Dark Ages at the BHGS Challenge 2016
Feudal Spanish vs Sicilian Norman
The next day dawned after a lovely curry, which the ADLG players were able to attend en mass after every game in the third round finished decisively inside the 3+hour time limit. A decidedly non-European breakfast fortified the commanders as they got ready for Game 4.
This time the opposition were Normans from the lemon groves of Sicily, packed full of Medium Spear armed Almughavars and plenty of knights.
The table was again fairly bald, but with just enough rough terrain on table to make the Spanish Almughavars deployment incredibly predictable. Seeking to avoid this trap after the debacle of the first game where the same obvious placing had seen enemy Cavalry run them down the Iberians adopted an unorthodox deployment, hunkering into one corner with a very stretched Spear command protecting the entire right flank, the Almughavars deployed in a deep column behind their own Crossbowmen in the centre, ready to go left or right, and the Hidalgos on the left. Missing was the Caballeros command, who had been sent on a bold and risky flank march on the left - putting them potentially into the flank of one of 2 huge Spear-armed Almughavar commands.
The lists for the Feudal Spanish and Sicilian Norman from this game, as well as all the other lists from the games at the BHGS Challenge can be seen here in the L'Art de la Guerre Wiki.
The Hidalgos pushed forward, seeking to put pressure onto the Almughavars and prevent them responding to the obviously-arriving flank march. The Normans were desperate to redeploy their knights from the far right of the table over to respond to the flank march, but it was a long, long way ago...
With the Normans moving their knights away, under the command of the General, the Spanish Spear line found it had nothing but skirmishers to prevent them advancing forwards across the Sicilian plains
The Hidalgos were in a hurry to engage the Almughavar spearmen, who were slightly distracted by the arrival of the flank march... which rolled the necessary dice in turn 2, meaning it would rock up at the second possible opportunity.
With a decent run of pips the Spanish Almughavars had been able to redeploy into the centre, where they had realised that they would not be facing enemy Knights but other brothers in Almughavarian mercenaryness.
The Normans were doing everything in their power to throw knights into the path of the onrushing Hidalgos, desperate to prevent a full-frontal attack by all 6 of the Hidalgos on the line of Almughavars who were trapped in the open, a long way from the Rough Going field that they had presumably hoped to get into on the left flank. At least the reserve Norman forces had almost finished redeploying from the other flank, but the flank march would still be there first...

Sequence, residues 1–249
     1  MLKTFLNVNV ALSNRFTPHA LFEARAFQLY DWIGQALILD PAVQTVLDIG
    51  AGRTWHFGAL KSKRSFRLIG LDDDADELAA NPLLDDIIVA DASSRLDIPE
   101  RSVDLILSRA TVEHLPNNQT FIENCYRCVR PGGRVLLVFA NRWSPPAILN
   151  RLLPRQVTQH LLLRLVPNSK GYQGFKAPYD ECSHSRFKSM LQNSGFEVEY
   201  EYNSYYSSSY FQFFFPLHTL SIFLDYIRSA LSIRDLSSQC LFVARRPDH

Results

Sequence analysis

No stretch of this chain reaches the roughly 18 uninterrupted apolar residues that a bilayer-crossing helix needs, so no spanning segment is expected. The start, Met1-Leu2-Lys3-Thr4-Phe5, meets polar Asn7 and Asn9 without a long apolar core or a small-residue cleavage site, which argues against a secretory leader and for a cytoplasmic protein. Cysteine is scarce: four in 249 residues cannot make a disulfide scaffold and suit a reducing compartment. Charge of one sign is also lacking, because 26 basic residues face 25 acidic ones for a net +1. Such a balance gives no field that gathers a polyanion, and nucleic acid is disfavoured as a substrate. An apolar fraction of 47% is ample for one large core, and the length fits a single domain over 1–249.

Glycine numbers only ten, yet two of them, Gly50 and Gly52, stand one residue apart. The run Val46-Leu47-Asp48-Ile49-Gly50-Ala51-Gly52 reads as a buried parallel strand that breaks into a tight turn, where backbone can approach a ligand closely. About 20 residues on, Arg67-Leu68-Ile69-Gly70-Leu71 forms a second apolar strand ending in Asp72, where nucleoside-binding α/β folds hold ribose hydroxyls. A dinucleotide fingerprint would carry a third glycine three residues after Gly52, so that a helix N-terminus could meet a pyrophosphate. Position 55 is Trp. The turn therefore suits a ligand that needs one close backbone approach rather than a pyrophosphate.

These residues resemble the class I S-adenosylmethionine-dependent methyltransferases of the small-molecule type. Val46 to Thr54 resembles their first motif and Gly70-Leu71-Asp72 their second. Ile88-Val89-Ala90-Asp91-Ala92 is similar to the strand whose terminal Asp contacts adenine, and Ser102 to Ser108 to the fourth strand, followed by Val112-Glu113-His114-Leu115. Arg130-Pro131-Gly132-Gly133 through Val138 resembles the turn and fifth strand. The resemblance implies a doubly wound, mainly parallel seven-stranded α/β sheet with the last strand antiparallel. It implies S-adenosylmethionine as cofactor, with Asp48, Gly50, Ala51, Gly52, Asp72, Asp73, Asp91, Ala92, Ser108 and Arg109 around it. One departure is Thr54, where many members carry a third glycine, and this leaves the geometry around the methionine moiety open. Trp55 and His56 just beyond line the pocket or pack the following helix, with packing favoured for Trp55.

And here it was! A line of 4 fast-moving Caballeros Villaneros swept onto the field and was immediately teed up for an instant charge into the flank of the by-now engaged Almughavars. Morale was crumbling on the Norman side.
The rough terrain in the middle was looking like a mathematical test of whether Medium Spear would be better than Impact Swordsmen, with both sides being Elite to keep it as balanced as possible.
As the Caballeros geared up for a flank charge the Hidalgos were seemingly keen to get the job done on their own, as they chewed up the Catalans at a rate of knots.
L'Art de la Guerre hint - Medium Spears are considerably worse against Knights than they would be against Cavalry, as their base factor is zero vs Knights vs 1 against Cavalry
The face-off in the centre was one which the Iberians were happy to let continue, as they enjoyed the upper hand on the extreme left. Both sides were shuffling carefully in an attempt to maximise overlaps and threaten flank attacks when the two forces inevitably clashed.
Weight of numbers, better matchups and the surprise of the flank march meant that the right flank was a place of some considerable jubilation for the Spanish, as the Normans did not have enough troops to protect all of their flanks from the marauding Hidalgos and Caballeros flowing over them.
The Norman Almughavars were scattered and in pieces, but the Caballeros were still in a coherent formation as they finished off the last remnants of the enemy pedestrians, leaving them ready to sweep onwards and engage more targets of opportunity
The Normans were looking at elimination of their right flank at this stage, even tempted to throw Generals into combat if only on the basis that once the whole command was eliminated they would have no function anyway.
Both sets of Almughavars were ready to go....
The Norman Almughavars were finally resisting, holding up the flank march for a turn or two - but this meant that they had merely delayed their own demise from frontal combat to a time when a swift application of Hidalgos in the rear would surely finish them off.